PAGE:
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Accurate Splice Site Recognition

SplicingBackground: For splice site recognition, one has to solve two classification problems: discriminating true from decoy splice sites for both acceptor and donor sites. Gene finding systems typically rely on Markov Chains to solve these tasks. Results: In this work we consider Support Vector Machines for splice site recognition. We employ the so-called weighted degree kernel which turns out well suited for this task, as we will illustrate in several experiments where we compare its prediction accuracy with that of recently proposed systems. We apply our method to the genome-wide recognition of splice sites in Caenorhabditis elegans, Drosophila melanogaster, Arabidopsis thaliana, Danio rerio, and Homo sapiens. Our performance estimates indicate that splice sites can be recognized very accurately in these genomes and that our method outperforms many other methods including Markov Chains, GeneSplicer and SpliceMachine. We provide genome-wide predictions of splice sites and a stand-alone prediction tool ready to be used for incorporation in a gene finder.

Accurate Recognition of Transcription Starts

ARTSWe develop new methods for finding transcription start sites (TSS) of RNA Polymerase II binding genes in genomic DNA sequences. Employing Support Vector Machines with advanced sequence kernels, we achieve drastically higher prediction accuracies than state-of-the-art methods. Motivation: One of the most important features of genomic DNA are the protein-coding genes. While it is of great value to identify those genes and the encoded proteins, it is also crucial to understand how their transcription is regulated. To this end one has to identify the corresponding promoters and the contained transcription factor binding sites. TSS finders can be used to locate potential promoters. They may also be used in combination with other signal and content detectors to resolve entire gene structures. Results: We have developed a novel kernel based method – called ARTS – that accurately recognizes transcription start sites in human. The application of otherwise too computationally expensive Support Vector Machines was made possible due to the use of efficient training and evaluation techniques using suffix tries. In a carefully designed experimental study, we compare our TSS finder to state-of-the-art methods from the literature: McPromoter, Eponine and FirstEF. For given false positive rates within a reasonable range, we consistently achieve considerably higher true positive rates. For instance, ARTS finds about 35\ true positives at a false positive rate of 1/1000, where the other methods find about a half.


mSplicer For modern biology, precise genome annotations are of prime importance as they allow the accurate definition of genic regions. We employ state of the art machine learning methods to assay and improve the accuracy of the genome annotation of the nematode Caenorhabditis elegans. The proposed machine learning system is trained to recognize exons and introns on the unspliced mRNA utilizing recent advances in support vector machines and label sequence learning.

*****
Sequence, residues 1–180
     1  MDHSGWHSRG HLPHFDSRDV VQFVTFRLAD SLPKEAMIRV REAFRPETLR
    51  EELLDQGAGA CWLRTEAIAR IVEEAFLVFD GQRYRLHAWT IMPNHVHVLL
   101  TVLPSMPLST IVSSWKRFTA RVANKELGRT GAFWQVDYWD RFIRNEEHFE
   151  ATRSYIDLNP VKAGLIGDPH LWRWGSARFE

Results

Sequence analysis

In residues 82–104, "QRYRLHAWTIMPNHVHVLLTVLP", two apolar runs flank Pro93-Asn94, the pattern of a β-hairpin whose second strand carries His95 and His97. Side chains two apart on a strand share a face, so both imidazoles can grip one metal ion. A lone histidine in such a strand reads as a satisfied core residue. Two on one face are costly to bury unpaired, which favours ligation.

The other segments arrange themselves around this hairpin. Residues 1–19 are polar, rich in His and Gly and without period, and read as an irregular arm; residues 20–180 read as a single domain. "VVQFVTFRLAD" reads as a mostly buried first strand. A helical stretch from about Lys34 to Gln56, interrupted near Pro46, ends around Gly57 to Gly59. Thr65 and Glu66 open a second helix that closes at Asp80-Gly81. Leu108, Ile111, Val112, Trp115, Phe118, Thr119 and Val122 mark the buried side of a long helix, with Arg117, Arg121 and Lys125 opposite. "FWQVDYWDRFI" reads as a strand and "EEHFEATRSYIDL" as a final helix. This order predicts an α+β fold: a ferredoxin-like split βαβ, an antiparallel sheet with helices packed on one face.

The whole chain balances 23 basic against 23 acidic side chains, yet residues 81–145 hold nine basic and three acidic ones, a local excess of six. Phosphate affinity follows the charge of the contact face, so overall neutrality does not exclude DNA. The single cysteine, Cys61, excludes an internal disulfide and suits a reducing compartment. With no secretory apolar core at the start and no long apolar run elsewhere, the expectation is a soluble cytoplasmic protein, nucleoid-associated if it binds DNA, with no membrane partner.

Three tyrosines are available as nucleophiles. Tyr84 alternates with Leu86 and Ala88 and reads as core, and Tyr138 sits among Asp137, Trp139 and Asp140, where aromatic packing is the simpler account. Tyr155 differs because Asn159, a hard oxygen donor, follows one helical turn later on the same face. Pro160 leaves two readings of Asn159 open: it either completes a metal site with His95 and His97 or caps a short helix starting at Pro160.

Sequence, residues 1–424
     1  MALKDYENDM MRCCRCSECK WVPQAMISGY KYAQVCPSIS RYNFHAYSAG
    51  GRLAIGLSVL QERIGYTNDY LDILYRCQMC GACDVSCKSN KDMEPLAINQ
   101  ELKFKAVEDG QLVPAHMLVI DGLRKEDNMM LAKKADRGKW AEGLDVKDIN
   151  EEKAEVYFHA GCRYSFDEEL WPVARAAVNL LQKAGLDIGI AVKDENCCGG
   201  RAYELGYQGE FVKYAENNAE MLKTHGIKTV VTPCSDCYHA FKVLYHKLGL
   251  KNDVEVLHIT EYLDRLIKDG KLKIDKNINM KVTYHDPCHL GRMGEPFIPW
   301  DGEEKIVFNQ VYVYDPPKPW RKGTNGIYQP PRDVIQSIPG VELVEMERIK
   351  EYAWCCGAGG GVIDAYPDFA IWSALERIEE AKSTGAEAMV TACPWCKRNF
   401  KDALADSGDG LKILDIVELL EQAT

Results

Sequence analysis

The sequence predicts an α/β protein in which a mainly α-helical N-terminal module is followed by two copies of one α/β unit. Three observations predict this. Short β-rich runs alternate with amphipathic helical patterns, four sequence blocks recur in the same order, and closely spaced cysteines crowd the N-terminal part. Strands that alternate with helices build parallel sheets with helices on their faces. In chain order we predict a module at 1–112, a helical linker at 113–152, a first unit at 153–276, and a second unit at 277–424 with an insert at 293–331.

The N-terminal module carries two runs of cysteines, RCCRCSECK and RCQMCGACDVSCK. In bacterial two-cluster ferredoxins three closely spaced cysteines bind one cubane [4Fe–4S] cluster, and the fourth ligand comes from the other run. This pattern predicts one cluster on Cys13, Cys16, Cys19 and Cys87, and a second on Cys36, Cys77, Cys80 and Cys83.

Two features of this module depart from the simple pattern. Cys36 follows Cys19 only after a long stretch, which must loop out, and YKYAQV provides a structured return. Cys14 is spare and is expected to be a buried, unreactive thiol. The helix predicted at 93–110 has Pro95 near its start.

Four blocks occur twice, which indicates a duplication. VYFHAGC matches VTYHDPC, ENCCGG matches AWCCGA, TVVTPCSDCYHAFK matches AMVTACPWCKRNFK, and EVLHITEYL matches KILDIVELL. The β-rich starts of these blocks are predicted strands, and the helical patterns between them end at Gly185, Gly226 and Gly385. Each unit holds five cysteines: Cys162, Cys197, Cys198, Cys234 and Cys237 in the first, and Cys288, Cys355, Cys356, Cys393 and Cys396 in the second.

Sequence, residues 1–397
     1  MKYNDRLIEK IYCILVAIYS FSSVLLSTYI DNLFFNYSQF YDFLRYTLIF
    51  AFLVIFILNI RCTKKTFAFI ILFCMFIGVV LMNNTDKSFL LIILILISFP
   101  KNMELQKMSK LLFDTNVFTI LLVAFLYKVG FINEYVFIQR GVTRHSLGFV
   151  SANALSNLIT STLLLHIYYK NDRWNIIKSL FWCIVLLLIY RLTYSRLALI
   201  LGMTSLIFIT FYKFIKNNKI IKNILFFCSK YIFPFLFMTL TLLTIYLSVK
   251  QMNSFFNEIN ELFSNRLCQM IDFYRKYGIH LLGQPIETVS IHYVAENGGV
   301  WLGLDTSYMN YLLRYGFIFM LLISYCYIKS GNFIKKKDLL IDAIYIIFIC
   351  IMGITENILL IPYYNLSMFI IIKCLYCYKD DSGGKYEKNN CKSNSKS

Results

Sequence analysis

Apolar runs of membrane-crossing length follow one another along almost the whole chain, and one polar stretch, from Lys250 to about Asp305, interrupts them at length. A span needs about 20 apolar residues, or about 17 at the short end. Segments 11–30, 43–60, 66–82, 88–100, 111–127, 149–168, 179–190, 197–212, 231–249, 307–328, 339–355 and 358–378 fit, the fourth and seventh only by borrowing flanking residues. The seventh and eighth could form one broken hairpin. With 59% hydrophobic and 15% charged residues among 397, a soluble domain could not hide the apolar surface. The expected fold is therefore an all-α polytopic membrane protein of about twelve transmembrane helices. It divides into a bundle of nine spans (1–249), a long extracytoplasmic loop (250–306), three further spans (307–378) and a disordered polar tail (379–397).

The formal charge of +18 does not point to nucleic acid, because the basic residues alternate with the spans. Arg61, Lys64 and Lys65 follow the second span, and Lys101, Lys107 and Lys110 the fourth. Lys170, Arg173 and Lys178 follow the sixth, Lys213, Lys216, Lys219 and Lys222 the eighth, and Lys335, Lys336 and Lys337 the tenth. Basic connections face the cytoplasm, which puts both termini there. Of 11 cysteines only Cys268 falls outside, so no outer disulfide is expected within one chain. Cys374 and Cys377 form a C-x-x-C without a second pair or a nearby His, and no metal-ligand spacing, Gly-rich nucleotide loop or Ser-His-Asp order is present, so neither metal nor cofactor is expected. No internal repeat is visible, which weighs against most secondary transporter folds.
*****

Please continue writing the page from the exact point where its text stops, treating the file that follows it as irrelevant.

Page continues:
mGene We present a highly accurate gene prediction system for eukaryotic genomes, called mGene. It combines in an unprecedented manner the flexibility of generalized hidden Markov models with the predictive power of modern machine learning meth- ods, such as Support Vector Machines (SVMs). Its excellent performance was proved in an objective competition based on the genome of the nematode Caenorhabditis elegans (Coghlan et al., 2008). Considering the average of sensitivity and specificity the developmental version of mGene exhibited the best prediction performance on nucleotide, exon, and transcript level for ab initio and multiple-genome gene pre- diction tasks. The fully developed version shows superior performance in ten out of twelve evaluation criteria compared to the other participating gene finders, including Fgenesh++ (Salamov and Solovyev, 2000) and Augustus (Stanke et al., 2006). An in-depth analysis of mGene's genome-wide predictions revealed that $\ 2, 200 predicted genes were not contained in the current genome annotation. Testing a subset of 57 of these genes by RT-PCR and sequencing, we confirmed expression for 24 (42\ of them. mGene missed 300 annotated genes, out of which 205 were unconfirmed. RT-PCR testing of 24 of these genes resulted in a success rate of merely 8\ These findings suggest that even the gene catalog of a well-studied organism such as C. elegans can be substantially improved by mGene's predictions. We also provide gene predictions for the four nematodes C. briggsae, C. brenneri, C. japonica and C. remanei (Stein et al., 2003; Sternberg et al., 2003). Comparing the resulting proteomes among these organisms and to the known protein universe, we identified many species-specific gene inventions. In a quality assessment of several available annotations for these genomes, we find that mGene's predictions are most accurate. Availability: mGene is available as source code under Gnu Public License from the project website and as a Galaxy-based webserver at Moreover, the gene predictions have been included in the Worm- base annotation available at and the project website.

About Me

Sören Sonnenburg Dr. Sören Sonnenburg
Machine Learning / Bioinformatics Research Scientist
Berlin, Germany